1963: The birth of the iconic Carrera

Episode 2 March 22, 2023 00:06:57
1963: The birth of the iconic Carrera
A Matter of Time
1963: The birth of the iconic Carrera

Mar 22 2023 | 00:06:57


Hosted By

TAG Heuer

Show Notes

Season 1: The TAG Heuer Carrera |

In this episode, we revisit Jack Heuer’s eureka moment at the 12 Hours of Sebring endurance race in Florida, March 1962. Find out how a conversation with the parents of racing drivers Ricardo and Pedro Rodriguez inspired one of the most iconic watch collections ever created.


Image: Heuer Carrera, Reference 2447 S


Show notes:

0:50 Jack Heuer attends 12 Hours of Sebring in Florida - March 1962

2:29 First mention of the Carrera from the Rodriguez family  

3:23 Registering the ‘Carrera’ name 

3:45 1963: Arrival of the Carrera references 2447 and 3647 

4:30 Enduring features of all Carrera collections

5:00 Unique features of early models  

6:14 Late-1960s: ‘Panda’ and ‘Reverse Panda’

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Episode Transcript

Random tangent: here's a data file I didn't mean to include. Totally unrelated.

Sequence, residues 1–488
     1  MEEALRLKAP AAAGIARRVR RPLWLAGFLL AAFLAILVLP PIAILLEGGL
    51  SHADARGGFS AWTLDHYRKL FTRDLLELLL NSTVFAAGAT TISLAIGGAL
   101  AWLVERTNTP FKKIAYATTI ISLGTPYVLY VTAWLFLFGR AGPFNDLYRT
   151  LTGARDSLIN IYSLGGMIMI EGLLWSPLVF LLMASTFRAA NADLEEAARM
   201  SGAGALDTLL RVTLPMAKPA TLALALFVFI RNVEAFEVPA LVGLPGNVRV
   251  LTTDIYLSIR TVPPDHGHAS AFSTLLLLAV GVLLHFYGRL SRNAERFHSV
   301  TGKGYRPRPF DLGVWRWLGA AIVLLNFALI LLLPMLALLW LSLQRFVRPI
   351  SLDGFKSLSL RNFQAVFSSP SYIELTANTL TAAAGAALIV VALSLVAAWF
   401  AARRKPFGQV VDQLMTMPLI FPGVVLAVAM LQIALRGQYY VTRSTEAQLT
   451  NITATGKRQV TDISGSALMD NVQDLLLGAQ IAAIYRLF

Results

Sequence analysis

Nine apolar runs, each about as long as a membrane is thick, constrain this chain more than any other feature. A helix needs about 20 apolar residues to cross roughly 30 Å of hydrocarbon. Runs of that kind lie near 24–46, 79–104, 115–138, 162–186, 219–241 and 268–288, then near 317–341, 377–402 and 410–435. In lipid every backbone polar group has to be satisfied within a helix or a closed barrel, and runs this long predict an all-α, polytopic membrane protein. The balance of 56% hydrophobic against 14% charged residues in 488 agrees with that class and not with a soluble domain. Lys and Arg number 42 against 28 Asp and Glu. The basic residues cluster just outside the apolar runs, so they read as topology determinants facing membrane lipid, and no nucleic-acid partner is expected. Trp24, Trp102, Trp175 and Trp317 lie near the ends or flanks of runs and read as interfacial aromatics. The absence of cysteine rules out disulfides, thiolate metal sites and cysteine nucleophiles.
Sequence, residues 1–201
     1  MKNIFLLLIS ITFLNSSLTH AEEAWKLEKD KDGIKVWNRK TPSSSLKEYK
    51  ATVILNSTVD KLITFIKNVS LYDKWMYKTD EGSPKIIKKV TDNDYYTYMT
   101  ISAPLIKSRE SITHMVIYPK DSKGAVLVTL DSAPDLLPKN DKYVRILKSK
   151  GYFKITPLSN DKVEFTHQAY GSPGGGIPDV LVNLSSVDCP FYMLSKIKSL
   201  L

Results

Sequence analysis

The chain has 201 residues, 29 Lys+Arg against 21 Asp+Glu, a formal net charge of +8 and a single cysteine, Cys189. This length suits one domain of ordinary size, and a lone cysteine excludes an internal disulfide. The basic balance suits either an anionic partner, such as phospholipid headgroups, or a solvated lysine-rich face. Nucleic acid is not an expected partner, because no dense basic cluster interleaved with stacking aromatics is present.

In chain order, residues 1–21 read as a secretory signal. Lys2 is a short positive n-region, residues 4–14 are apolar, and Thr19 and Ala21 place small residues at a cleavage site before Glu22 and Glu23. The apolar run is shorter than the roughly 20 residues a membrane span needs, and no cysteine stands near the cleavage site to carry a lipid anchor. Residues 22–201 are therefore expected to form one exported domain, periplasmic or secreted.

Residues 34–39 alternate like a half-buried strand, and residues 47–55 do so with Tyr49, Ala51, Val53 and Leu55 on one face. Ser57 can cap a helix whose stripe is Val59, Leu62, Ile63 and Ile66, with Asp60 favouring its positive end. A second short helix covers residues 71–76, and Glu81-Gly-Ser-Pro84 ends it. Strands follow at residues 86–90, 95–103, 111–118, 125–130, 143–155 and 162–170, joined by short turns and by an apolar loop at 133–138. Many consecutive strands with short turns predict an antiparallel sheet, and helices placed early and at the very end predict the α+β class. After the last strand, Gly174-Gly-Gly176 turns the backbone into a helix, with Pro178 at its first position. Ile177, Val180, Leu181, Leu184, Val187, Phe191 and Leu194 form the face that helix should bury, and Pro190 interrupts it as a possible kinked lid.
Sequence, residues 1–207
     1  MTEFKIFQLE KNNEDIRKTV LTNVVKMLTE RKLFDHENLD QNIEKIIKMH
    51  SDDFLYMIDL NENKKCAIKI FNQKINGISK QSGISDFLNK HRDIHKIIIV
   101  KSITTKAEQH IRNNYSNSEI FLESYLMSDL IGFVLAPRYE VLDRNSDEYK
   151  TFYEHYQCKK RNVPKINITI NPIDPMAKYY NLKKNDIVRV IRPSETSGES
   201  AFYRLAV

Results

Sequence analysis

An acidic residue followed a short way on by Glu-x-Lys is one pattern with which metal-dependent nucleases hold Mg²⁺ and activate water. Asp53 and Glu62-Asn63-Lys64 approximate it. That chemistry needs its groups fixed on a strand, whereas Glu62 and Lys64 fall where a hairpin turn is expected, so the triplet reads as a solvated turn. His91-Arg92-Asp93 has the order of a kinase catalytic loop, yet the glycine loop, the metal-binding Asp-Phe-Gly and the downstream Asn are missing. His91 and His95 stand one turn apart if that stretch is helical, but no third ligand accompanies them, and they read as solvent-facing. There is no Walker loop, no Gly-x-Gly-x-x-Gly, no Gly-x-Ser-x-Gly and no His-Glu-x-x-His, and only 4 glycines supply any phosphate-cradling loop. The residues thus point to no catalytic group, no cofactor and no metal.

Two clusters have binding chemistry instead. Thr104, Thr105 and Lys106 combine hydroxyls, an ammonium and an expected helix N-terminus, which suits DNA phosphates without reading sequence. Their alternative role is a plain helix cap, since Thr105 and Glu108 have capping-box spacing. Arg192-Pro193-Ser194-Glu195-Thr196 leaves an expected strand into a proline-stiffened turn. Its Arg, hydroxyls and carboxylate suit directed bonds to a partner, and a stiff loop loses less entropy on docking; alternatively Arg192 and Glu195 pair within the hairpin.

Speaker 1 00:00:02 Welcome to a Matter of Time, a podcast by Tago. I'm your host, Nicholas Bbe, heritage Director at Tagore, and a passionate en enthusiast for fine twist watchmaking. In this series, we're gonna dig into the archives of Tagore, pull out some of the most iconic watches from our history, and see how they guide the direction and philosophies of the brand today. In the first episode, we discussed the Carrera Pan Americana, this legendary road race of the 1950s. As well as some of the watches the Hoyer was producing Imperial that would see application by some of the drivers who might have been racing in the event. In today's episode, we're gonna move into the 1960s and look at the birth of the Carrera as a collection, as well as how Jack Hoyer our charismatic c e o at the time, found his way to the name. Let's wind the clocks back to the 24th of March, 1962. We're at Severing Raceway in Florida, a disused army airfield, and it's been converted to one of the great racetracks of North America in the period taking place. That weekend is the 12 hour endurance race. Once again. Many of the greatest cars in production at the time are on display with some legendary drivers at the wheel. Speaker 1 00:01:23 We can see the Ferrari two 50 GTO and Te Rossa. Porter's News, seven 18 RS 60 and an up and coming Hollywood actor by the name of Steve McQueen driving on Austin Healy. It's quite the diverse field of cars and it makes very entertaining racing standing in the pits of the North American racing team, operated by Luigi Jeanti. The Ferrari distributor for the US is one Jack Hoyer. Jack has just turned 30, and he's working for the family business, the fourth generation to do so. He's moved from Switzerland just a few years earlier to set up Hoya Timing Corporation of America to support the development of the business in the key market. That was the us. He's been invited to the race by the Sports Car Club of America, as he's generously provided them with timing equipment to record the performance of the entrance. He should also be there to look on how to develop their business further, observing the wealthy members of the audience and visitors to the pit lane, who are clearly ideal customers for timing equipment and wristwatches bearing the Hoya name. Speaker 1 00:02:32 But he can't help but be captivated by the performance in the early stage of the race by young Pedro Rodriguez, he's setting the fastest laps, striving the incredibly beautiful Ferrari 2 46 SP Dino, and he's putting in an incredible performance. His co-driver in the race is his brother Ricardo, and standing in the NAR garage are the parents of these two young Mexican racing drivers. Jack happens to find himself in a conversation with them, and they express how grateful they are that the boys aren't just a few years older, because if they've been racing in the Carrera Pan Americana during the early 1950s, they might not be a lie today due to the danger of the race, the great pressures that have put upon the drivers and the machines over thousands of kilometers and many, many days at the wheel, it's easy to understand why the parents were glad that the boys didn't take part. As Jack is being regaled with these wonderful stories of the Carrera, the name rings in his ears. He finds it beautiful, elegant, and fills it in an ideal name for his next product launch. On his next return to Switzerland, the first thing he does is he registers the name against a wristwatch exclusively for hu. Speaker 1 00:03:48 Having launched the Ottavia in 1962, a robust durable wristwatch, specifically designed for high demand environments, whether it be the airplane, cockpit or the racetrack. Jack wanted to offer a more elegant chronograph, something with a pure, more minimalist design that played into the sensitivities that he had for some of the incredible designers of the era. And in 1963, we witnessed the arrival of the Carrera initially offered as two references, the 24 47, with three registers powered by the Val Jo, 72 and a two register version, the reference 36 47, the earliest designs, which are a number of crates that were unique to the first series of watches. There are distinctive features of the CreER that remained throughout all generations of this uh, series of watches. The peaked lugs that have become a distinctive design trait of the collection, the clear legible dial with the minimal text that one can require, commencing with the model name Carrera, then the Hoyer logo and the Swiss signature of the bottom to designate where the product was made and one of two dial variations, either a Silvered version or a black equivalent. Speaker 1 00:05:03 The very earliest watches have a number of slight detail variations that a certain small group of collectors obsess over, rather than the brilliant sole sunburst finished. That is more common with the silver Dar. For these, uh, reference 2 4 47 Corres, or 36 47 to register versions, we see this semi mat so-called eggshell finish, which is really unusual and distinctive finish when it's seen in person. There's the poly back as it's referred to with its multi-sided edges rather than notch teeth that is more commonly seen, slightly longer hour marks on the Dow, slightly more slender hour minute hands, and an unsigned crown rather than the latest Hoya signed crown that we see on the other carreras. It might seem strange to many people to look at these very small differences from the standard production piece compared to the earlier production batch, but it's exactly the sort of nerdy, distinctive details that many enthusiasts of vintage chronographs love. Speaker 1 00:06:00 Quite quickly, Jack knew that he had a hit on his hand in 1963 and 1964. We know that the watch was performing well and very quickly production had to scale up. Different supplies were bought online, and slowly but surely the design would evolve slightly in the latter half of the 1960s. We would see a design variation that would introduce a panda and reverse panda configuration, and most interestingly, in 1965, we would launch a Carrera with a complication in addition to that of the chronograph. And not to give too much away now, but that's exactly the watch that we'll be discussing in the next episode of a matter of time. Thank you very much for listening today. I do hope you've enjoyed some of these great stories from the past of Tag Hoya. I'd love to be able to share them with you. Don't forget to review and subscribe wherever you get your podcasts, and I'm looking forward to sharing more bits of history from the archives in future episodes.